Visual Project Management | Grant Work: Democracy + Communism: 3. Cuba + Bulgaria, in Layers
I ideated the unique aesthetics of this final leg of my project on Democracy + Communism by securing a grant for it through the Pulitzer Center, its publication in National Geographic, and its exhibitions at the International Center of Photography's ¡CUBA, CUBA! 65 Years of Photography exhibit and at Bulgaria's National Gallery of Art.
(This project is being updated in both scope and publication before and during the pandemic, with more historical material via imagery and reporting alike.)
Antiquated family photos from pre-1989 Bulgaria alit this project's inspiration. The parallels between our family photographs behind the Iron Curtain and documentary imagery I'd taken in present-day Cuba, surface best when juxtaposed: one image layered on top of the other. Thus, I aimed to bridge one country’s past to another country’s present.
- Cuba + Bulgaria, in Layers
My fingers flitting across frayed edges of photographs found in dusty cabinets, I studied my past. In picture form, generations persevered — but theirs was a story now threatened by oblivion, through time’s attrition and my grandmother’s Alzheimer’s.
In these frames, yearly, I’d sought out relatives and their former lifetimes as I visited Bulgaria, my country until the age of twelve. I often reimagined them without the motif of totalitarianism. There would be no forced smiles marching in unison at Labor Day parades, punished if askew or absent; nor children wearing uniforms of communist youth — eager to belong, but too young to understand the consequence; none of the numbing isolation bred by restricted news and travel; certainly not five years stolen from my grandfather’s youth by a Stalinist gulag for his refusal to join a party he’d seen threaten, imprison and murder people for their voice or property, fully dementing the utopian ideal.
As I hunted for lost anecdotes throughout my grandma’s shrinking memory, a disturbing analogy unraveled: the potential in contemporary, democratic Bulgaria for collective dementia about its past. It housed both a generation too new for firsthand knowledge of political repression, and an older one that yearned for the absence of crime and unemployment that a dictatorship had once guaranteed.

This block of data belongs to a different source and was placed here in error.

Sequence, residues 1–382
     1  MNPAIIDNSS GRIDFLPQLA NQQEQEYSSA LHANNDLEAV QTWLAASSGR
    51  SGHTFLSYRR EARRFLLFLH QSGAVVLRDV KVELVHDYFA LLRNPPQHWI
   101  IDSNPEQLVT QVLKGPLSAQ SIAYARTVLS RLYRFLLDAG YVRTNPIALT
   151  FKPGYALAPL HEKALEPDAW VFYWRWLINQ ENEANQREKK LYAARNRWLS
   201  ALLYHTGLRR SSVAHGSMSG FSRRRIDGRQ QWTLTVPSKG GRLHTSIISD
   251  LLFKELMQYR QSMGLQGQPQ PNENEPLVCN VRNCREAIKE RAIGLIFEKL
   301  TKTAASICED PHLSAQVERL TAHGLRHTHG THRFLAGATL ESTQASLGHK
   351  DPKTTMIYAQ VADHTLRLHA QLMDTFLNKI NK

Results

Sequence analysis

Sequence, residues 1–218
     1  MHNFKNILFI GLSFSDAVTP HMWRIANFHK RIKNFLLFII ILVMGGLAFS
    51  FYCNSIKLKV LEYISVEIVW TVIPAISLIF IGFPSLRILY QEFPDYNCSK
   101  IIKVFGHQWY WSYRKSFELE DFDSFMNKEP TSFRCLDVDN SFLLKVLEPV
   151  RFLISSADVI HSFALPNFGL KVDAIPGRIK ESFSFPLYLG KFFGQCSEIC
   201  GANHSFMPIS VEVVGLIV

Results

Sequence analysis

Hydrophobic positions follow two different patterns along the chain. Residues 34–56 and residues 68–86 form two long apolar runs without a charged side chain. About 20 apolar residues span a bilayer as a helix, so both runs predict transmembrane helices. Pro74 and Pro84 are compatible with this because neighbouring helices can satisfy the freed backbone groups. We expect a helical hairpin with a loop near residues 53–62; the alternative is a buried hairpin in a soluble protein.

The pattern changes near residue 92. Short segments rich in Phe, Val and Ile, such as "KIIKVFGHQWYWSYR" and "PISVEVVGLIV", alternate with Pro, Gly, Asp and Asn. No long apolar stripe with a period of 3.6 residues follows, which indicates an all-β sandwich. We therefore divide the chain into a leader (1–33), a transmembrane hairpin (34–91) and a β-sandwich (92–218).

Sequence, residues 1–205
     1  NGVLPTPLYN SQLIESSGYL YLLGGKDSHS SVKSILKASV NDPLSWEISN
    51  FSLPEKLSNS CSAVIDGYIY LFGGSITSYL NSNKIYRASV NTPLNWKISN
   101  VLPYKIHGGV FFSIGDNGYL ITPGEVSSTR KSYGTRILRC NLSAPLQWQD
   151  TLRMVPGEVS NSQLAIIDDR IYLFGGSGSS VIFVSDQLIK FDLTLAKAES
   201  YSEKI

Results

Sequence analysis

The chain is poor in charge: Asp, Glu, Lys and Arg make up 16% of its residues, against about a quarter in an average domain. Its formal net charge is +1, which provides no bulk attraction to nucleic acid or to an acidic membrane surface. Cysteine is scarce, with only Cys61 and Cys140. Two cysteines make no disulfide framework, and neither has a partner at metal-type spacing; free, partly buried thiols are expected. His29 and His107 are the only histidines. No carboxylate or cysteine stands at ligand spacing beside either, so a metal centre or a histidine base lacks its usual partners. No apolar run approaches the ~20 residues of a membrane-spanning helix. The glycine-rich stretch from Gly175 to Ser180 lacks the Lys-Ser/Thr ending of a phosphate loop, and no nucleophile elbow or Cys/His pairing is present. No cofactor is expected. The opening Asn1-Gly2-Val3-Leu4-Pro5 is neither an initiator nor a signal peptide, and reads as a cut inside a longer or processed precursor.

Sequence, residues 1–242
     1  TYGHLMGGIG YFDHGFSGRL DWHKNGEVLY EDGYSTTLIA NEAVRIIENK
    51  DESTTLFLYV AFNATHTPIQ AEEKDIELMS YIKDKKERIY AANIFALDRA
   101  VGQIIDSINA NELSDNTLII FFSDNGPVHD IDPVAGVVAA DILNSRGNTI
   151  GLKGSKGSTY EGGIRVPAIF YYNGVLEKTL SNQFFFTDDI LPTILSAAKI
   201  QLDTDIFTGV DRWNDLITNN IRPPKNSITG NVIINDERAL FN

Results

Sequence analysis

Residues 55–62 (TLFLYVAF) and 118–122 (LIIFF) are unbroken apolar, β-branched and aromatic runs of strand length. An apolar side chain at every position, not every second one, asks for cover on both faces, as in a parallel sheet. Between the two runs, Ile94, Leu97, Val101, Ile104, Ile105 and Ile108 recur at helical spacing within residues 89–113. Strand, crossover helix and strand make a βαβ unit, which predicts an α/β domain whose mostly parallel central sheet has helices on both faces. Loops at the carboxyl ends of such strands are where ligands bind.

In 1989, two and a half decades before this latest trip to my homeland, Eastern European Communism had crumbled in unison with the Berlin Wall, thus opening closed borders to Western influence and emigration. The hopeful arrival of democracy had created space for personal freedoms and a free market, but also for myopic political nostalgia, when it failed to deliver on rising joblessness, corruption, crime, and depopulation.
The idea of this amnestic future, one so disconnected from its history, prompted me to examine the effects of democracy and communism in Bulgaria, and to explore similar political geography. Cuba, a Communist time capsule, drew me in immediately. I observed life there as only a native of the Soviet Bloc could — trained on the nuanced decorum of Communism, that illusion of choice — not looking for connections between the two nations, but effortlessly tuned into them. Every person I photographed — the child in a red scarf saluting voters, people protesting against political imprisonment despite beatings and detention, the aging families of those who’d fled — recalled my youth and the pictures before.
Creating layers in photography has attracted me throughout my career, whether via luck or journalistic reflex, for their ability to intensify both style and meaning. I experimented by making political diptychs early in my career, and later via digital double exposures — some with the impetus of sheer aesthetic, others for their storytelling prowess. But a third type came to life in Cuba, when I found the visual and sociopolitical parallels between present day Cuba and pre-1989 Bulgaria undeniable, and best juxtaposed in strata.
And so I aimed to bridge one country’s past to another country’s present, to show that political ideals, its profiteers and its victims, can remain unchanged by time or geography. And above all, to ensure that those who still survive a censured reality, are better heard — whether a stranger in Cuba or my grandmother, who left this world shortly after her memories did.